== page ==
More formally, one easily can reject the hypothesis at the 1 percent significance level that the tenths digit of the WSJ panelist forecasts are either uniformly distributed or follow the Benford distribution for tenths digits after rounding to the nearest tenth (see this paper by economists Stefan Gunnel and Karl-Heinz Todter, who found similar relative frequencies of "0s" and "5s" in professional forecasts of German GDP growth and consumer price index inflation).
If we assume that near-term GDP growth forecasts with a tenths digit of "0" or "5" typically involve more judgment than forecasts with another tenths digit, a natural question is whether these more judgmental forecasts are less accurate than others. Of the 2,390 WSJ growth forecasts mentioned above, the ones with a tenths digit of "0" or "5" (after rounding to the nearest tenth) had an average error of 0.786 percentage points without regard to sign, and the others had an average error of 0.743 percentage points. These accuracy metrics are not statistically different at even the 10 percent significance level. Moreover, because of the panel nature of WSJ forecasts, we can measure how often a forecaster has a tenths digit of "0" or "5" (after rounding). Of the 44 panelists who submitted at least 30 three-week-ahead GDP forecasts during the period of the first quarter of 2003 through the third quarter of 2016, the correlation of the panelists "0" or "5" tenth digit frequency and their average error without regard to sign is only 0.13 and not significantly different from 0.
Although at least some professional forecasters appear to make judgmental adjustments to their near-term GDP projections, the evidence presented here does not suggest it comes, on average, at the cost of accuracy.
November 07, 2016
The Price Isn't Right: On GDPNow's Third Quarter Miss
The U.S. Bureau of Economic Analysis's (BEA) first estimate of third quarter annualized real gross domestic product (GDP) growth released on October 28 was 2.9 percent. A number of nowcasts were quite close to this number, including the median forecast of 3.0 percent from the CNBC Rapid Update survey of roughly 10 economists. The Atlanta Fed's GDPNow model forecast of 2.1 percent? Not so close.
What accounted for GDPNow's miss? The table below shows the GDPNow forecasts and BEA estimates of the percentage point contributions to third quarter growth of six subcomponents that together make up real GDP. The largest forecast error, both in absolute terms and relative to the historical accuracy of the projections, was for the contribution of real net exports to growth. The published contribution of 0.83 percentage points was much higher than the model's estimate of 0.07 percentage points.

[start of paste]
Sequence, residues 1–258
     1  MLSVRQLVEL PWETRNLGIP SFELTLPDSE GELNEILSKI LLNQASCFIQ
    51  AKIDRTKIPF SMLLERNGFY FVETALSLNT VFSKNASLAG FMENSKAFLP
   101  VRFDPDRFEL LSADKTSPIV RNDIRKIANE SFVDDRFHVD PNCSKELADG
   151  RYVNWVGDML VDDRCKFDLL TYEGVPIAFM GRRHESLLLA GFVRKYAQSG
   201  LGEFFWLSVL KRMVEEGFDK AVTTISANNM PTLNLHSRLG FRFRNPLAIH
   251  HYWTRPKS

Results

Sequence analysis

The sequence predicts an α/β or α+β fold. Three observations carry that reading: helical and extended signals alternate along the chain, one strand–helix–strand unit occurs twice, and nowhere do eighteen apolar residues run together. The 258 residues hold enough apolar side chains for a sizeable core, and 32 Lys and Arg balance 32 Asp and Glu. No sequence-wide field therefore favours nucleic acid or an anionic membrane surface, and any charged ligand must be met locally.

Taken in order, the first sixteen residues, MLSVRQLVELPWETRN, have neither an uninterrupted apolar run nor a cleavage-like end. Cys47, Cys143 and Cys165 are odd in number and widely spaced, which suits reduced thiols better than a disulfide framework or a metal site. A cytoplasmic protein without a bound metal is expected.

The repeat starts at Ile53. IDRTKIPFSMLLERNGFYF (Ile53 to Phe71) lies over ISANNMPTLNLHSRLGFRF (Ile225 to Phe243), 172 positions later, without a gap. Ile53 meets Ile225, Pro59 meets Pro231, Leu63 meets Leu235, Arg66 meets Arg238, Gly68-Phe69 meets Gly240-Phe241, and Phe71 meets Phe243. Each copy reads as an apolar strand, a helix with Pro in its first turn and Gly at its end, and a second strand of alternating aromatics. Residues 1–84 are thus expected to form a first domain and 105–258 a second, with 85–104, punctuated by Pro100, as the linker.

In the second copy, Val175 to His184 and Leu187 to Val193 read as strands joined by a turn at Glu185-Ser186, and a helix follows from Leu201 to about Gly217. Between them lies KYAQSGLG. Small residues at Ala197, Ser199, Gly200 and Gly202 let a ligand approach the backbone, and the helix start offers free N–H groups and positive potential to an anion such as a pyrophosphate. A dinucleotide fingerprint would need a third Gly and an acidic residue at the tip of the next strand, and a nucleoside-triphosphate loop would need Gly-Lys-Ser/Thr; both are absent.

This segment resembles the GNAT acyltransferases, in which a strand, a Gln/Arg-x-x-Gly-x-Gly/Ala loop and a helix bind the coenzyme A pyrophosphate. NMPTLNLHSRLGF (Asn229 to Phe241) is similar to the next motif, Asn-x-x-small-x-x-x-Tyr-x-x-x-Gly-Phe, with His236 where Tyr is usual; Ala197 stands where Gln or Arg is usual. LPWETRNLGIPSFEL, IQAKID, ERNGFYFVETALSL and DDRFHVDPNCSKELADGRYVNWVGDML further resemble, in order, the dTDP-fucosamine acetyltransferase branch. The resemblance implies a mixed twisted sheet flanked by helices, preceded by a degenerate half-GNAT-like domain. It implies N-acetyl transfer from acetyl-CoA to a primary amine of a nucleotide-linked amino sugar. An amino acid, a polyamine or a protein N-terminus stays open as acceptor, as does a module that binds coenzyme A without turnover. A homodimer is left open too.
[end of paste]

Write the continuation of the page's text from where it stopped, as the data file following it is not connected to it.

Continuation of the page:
Why did GDPNow miss so badly on net exports? For both goods and services real net exports, the GDPNow forecast is a weighted average of two forecasts. The "bean counting" forecast uses the monthly source data on the nominal values and price deflators of exports and imports. The econometric model forecast uses published values of 13 subcomponents of real GDP for the last five quarters to predict real net exports for both goods and services. The statistically determined weights on the bean counting forecast increase as we get closer to the first GDP release and accumulate more monthly source data. (More details are provided here.)
For real net exports of services, 89 percent of the weight was given to the bean counting forecast. This weighting worked out well last quarter as the forecasts of the contribution of real services net exports to third quarter growth from both the bean counting and combined models were within 0.01 percentage points of the published value of −0.14 percentage points. But for real net exports of goods, the bean counting forecast received only 59 percent of the weight in the final GDPNow forecast. It projected that real net exports of goods would add 0.76 percentage points to growth—reasonably close to the BEA estimate. In contrast, the econometric model projected a subtraction of 0.58 percentage points from growth.